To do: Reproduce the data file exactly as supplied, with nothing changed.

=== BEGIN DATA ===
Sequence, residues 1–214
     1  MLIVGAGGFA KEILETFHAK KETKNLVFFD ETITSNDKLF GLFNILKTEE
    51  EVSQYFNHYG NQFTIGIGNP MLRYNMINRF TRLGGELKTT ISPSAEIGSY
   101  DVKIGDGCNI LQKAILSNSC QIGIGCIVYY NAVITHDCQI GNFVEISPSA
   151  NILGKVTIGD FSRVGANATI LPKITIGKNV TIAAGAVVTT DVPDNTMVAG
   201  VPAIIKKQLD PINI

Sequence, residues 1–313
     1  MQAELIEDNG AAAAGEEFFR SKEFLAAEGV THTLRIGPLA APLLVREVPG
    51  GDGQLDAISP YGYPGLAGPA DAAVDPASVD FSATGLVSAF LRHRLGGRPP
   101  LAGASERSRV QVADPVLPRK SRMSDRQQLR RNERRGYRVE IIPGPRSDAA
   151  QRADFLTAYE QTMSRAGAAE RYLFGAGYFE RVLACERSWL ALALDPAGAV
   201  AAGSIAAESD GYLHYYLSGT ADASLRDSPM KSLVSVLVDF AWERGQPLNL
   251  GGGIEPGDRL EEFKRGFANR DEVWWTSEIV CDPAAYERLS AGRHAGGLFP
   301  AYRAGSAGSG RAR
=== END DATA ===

Sequence, residues 1–214
     1  MLIVGAGGFA KEILETFHAK KETKNLVFFD ETITSNDKLF GLFNILKTEE
    51  EVSQYFNHYG NQFTIGIGNP MLRYNMINRF TRLGGELKTT ISPSAEIGSY
   101  DVKIGDGCNI LQKAILSNSC QIGIGCIVYY NAVITHDCQI GNFVEISPSA
   151  NILGKVTIGD FSRVGANATI LPKITIGKNV TIAAGAVVTT DVPDNTMVAG
   201  VPAIIKKQLD PINI

Sequence, residues 1–313
     1  MQAELIEDNG AAAAGEEFFR SKEFLAAEGV THTLRIGPLA APLLVREVPG
    51  GDGQLDAISP YGYPGLAGPA DAAVDPASVD FSATGLVSAF LRHRLGGRPP
   101  LAGASERSRV QVADPVLPRK SRMSDRQQLR RNERRGYRVE IIPGPRSDAA
   151  QRADFLTAYE QTMSRAGAAE RYLFGAGYFE RVLACERSWL ALALDPAGAV
   201  AAGSIAAESD GYLHYYLSGT ADASLRDSPM KSLVSVLVDF AWERGQPLNL
   251  GGGIEPGDRL EEFKRGFANR DEVWWTSEIV CDPAAYERLS AGRHAGGLFP
   301  AYRAGSAGSG RAR